The XO glanced at the chief engineer. “You told me Lieutenant Smith is a competent engineer who is fully able to operate the EPS substation safely and without causing an accident. Am I also correct in saying that even if there had been some sort of equipment malfunction, she would have been able to take quick corrective actions to avoid what took place here yesterday?”
Hopkins didn’t respond straight away. Instead she kept her focus on her engineer who was pleading with her eyes. Then she nodded.
“I’m sorry, I didn’t get that,” said Star.
Hopkins swallowed before speaking. “Yes. With the emergency seal fully in tact, she should have been able to shut-off the plasma flow at the first sign of trouble, even if it didn’t engage automatically.”
Star turned back to look at Smith.
“I … I can’t explain it,” she stammered. “I simply don’t know what happened. I mean … I was there and there was no sign of any malfunction. The plasma flow was … it was normal, I’m sure of it.”
“Then what caused the rupture, Lieutenant?” Star asked.
“I … “ she clearly had no explanation to offer, instead her eyes were starting to become moist. “I don’t know,” she finally said and hung her head.
“Lieutenant, I’m removing you from active duty and you are restricted to quarters until further notice and pending a full investigation of what happened here. Crewman, please escort the lieutenant to her quarters.”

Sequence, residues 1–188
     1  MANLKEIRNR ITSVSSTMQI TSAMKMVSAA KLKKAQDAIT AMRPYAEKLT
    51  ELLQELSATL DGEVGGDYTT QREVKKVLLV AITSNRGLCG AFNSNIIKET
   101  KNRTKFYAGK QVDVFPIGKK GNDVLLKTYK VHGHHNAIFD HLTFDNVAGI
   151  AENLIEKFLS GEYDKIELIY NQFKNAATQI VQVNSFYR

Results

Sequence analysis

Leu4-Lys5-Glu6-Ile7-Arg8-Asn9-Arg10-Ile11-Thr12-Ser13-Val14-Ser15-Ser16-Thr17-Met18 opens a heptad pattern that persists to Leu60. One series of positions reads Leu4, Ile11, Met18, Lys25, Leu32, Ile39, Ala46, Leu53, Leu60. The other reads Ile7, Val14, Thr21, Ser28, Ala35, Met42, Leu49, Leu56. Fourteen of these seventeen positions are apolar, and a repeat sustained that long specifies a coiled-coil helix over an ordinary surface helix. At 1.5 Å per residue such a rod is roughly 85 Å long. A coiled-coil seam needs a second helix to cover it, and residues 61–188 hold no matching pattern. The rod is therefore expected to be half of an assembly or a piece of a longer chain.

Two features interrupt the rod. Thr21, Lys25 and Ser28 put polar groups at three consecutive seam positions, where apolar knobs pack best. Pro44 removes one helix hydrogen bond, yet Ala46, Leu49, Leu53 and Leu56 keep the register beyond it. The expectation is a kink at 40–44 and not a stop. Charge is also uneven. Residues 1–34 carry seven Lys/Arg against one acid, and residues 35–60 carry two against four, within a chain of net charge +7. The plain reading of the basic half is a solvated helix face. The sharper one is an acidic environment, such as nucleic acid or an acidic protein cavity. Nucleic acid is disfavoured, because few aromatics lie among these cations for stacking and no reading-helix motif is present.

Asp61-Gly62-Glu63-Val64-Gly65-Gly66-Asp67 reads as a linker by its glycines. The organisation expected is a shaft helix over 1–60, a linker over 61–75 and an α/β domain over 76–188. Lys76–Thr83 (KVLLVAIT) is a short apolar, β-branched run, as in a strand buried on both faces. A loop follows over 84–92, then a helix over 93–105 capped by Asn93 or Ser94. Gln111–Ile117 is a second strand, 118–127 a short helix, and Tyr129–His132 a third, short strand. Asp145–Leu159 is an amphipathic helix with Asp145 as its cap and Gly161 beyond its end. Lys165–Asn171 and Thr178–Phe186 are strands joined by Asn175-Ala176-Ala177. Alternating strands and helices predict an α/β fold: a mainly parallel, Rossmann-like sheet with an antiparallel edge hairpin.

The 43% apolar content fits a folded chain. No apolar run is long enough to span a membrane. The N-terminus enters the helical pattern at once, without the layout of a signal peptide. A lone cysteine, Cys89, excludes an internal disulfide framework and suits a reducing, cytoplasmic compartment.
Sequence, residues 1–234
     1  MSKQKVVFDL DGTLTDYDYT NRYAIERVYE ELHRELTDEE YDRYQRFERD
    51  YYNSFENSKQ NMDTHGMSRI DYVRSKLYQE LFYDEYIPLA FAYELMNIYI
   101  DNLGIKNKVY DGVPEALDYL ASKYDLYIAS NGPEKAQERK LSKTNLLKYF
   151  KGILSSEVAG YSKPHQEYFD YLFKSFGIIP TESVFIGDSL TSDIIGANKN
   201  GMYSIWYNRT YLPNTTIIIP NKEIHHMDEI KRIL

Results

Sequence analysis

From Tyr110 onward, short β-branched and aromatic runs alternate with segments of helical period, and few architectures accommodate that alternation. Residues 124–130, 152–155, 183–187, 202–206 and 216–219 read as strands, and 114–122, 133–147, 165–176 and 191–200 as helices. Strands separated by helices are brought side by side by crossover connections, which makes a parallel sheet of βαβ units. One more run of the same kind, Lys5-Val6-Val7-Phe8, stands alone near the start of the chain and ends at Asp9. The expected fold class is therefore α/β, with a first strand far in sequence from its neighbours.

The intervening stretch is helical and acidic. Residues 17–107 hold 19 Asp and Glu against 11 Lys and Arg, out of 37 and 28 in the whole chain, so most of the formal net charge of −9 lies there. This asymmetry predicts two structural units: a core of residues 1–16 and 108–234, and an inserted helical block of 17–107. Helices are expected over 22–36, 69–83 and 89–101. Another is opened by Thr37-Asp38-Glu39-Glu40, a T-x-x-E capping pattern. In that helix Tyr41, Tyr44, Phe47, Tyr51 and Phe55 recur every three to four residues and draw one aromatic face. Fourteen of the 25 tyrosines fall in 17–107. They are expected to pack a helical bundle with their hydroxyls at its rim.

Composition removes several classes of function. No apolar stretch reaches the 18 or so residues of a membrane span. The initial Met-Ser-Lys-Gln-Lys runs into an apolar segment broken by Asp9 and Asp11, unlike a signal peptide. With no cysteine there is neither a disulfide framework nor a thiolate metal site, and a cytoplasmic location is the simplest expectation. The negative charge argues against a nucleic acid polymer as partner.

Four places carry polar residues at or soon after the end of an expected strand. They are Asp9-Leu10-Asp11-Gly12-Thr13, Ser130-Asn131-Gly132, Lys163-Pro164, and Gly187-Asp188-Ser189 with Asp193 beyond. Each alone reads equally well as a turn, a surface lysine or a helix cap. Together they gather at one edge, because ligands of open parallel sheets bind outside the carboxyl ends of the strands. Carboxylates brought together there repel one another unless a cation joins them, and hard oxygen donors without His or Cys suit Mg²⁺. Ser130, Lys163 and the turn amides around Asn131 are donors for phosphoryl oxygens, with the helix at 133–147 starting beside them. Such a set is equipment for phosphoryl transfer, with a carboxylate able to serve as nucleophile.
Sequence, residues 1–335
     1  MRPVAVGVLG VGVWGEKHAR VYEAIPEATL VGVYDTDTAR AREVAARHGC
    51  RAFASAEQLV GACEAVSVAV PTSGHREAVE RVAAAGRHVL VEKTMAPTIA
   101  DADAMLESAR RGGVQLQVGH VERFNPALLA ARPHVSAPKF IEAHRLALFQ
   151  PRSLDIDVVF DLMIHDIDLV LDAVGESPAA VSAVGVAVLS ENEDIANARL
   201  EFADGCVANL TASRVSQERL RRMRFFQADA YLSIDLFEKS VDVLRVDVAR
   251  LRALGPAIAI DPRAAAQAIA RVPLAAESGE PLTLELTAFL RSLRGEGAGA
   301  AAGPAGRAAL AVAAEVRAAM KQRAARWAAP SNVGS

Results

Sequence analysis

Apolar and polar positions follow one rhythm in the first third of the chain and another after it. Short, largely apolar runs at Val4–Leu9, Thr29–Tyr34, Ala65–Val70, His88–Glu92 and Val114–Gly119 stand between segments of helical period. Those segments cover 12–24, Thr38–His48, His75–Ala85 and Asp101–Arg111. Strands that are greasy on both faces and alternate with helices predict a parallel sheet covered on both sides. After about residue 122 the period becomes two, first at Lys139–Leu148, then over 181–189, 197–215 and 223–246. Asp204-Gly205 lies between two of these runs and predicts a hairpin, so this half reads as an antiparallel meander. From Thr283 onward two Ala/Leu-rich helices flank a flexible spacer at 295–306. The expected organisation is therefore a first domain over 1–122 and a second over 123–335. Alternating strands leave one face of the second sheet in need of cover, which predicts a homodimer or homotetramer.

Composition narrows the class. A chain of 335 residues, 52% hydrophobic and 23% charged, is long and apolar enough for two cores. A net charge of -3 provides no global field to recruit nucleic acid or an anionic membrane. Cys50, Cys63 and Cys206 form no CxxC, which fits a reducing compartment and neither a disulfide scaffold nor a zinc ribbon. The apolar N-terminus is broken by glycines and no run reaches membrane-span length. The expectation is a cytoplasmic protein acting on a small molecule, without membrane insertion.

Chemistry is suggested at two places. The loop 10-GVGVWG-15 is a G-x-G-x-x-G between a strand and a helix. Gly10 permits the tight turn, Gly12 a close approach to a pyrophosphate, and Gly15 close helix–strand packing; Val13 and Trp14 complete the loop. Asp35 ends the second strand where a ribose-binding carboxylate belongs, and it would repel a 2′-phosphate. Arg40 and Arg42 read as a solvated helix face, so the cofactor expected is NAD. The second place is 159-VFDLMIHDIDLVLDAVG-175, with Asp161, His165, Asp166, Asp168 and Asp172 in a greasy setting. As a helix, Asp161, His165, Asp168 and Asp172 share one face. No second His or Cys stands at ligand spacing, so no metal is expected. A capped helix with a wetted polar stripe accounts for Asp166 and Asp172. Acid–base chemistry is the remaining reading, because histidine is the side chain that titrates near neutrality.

The security guard nodded and when Smith didn’t move, she prodded her gently until the engineer began to head down her corridor, the armed guard staying two steps behind her.
Hopkins watched her engineer leave. “It’s going to be very difficult for us to keep on schedule with the array without having her around. It’s the second good man I’ve lost on my team.”
“Pull people from other departments if you must but I’m not taking the risk of having a possible saboteur walking around freely on the ship. Not while we have a killer onboard as well.”
“Wait,” she said and turned to face the Trill. “You don’t think Kate—“
“I don’t know yet but I can’t see how we can rule anything out at this point,” she said and then looked at the fire damaged EPS substation. “I know you’re already stretched thin but I need you to put a team together to fine comb through that room and find out exactly how she caused the rupture.”
“Internal sensors were non-operational, we’re going to have limited data to analyze.”
“Do what you can. I expect a full report within twenty-four hours,” Star said and then walked away.